Music Industry Goes To Court With Verizon

from the fighting-for-your-rights dept

About a month ago we had the story of why Verizon was pushing back against Hollywood’s attempt to get them to name an ISP customer who was accused of sharing copyrighted materials. Today, that case goes to court, as the RIAA tries to force Verizon to give up the name. Verizon fears that if they’re forced to just give up the name, it’ll open the floodgates, as Hollywood will send out so many letters that it will be impossible to keep up. There’s good reason to think so, as the industry is already been shown to bully networks about blocking their users, and often these complaints are based on faulty reports compiled by automated programs. Interestingly, Verizon points out that the customer, whose info is at stake in this case, probably has no idea that all of this is going on, since no one has informed him or her.

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Comments on “Music Industry Goes To Court With Verizon”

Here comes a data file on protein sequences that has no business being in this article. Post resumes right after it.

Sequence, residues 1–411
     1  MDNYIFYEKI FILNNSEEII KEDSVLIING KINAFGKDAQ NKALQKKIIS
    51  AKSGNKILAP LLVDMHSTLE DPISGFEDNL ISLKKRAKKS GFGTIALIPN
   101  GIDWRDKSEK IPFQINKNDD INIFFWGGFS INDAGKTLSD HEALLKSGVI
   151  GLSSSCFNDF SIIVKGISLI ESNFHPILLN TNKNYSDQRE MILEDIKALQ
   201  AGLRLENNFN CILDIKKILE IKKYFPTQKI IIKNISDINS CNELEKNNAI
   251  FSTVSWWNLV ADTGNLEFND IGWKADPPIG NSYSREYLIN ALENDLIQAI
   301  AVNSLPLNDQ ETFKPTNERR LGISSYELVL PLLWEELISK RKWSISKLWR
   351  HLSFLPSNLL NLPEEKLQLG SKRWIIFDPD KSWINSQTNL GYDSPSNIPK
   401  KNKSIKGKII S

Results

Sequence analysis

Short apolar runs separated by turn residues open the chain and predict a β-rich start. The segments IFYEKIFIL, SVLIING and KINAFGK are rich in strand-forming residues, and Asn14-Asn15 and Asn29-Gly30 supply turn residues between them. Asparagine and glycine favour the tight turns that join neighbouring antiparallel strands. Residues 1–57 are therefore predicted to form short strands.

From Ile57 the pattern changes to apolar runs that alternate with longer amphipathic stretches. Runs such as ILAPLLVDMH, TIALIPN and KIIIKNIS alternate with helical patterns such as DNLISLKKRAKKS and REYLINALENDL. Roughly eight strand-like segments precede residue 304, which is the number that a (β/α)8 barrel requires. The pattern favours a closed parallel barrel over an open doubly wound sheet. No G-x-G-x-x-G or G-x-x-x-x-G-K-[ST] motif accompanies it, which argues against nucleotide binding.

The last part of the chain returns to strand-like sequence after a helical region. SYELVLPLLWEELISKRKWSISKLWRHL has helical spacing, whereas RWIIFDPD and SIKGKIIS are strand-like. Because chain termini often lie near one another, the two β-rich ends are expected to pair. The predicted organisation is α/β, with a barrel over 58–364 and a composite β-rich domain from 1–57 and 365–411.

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1 Comment
Andre Black says:

In for a penny, in for a pound...

If the RIAA wins suits like this, then it becomes the ISPs responsiblility to police all traffic going through their servers. Think about all of the technology they’d be responsibly for blocking: File sharing programs, email, instant messenging, irc chat, usenet, websites, blogs… That’s just unreasonable.
It’s like asking the US postal service to open and inspect all mail that goes through their carriers to see if copied CDs are inside. Would the government take a request like that seriously?

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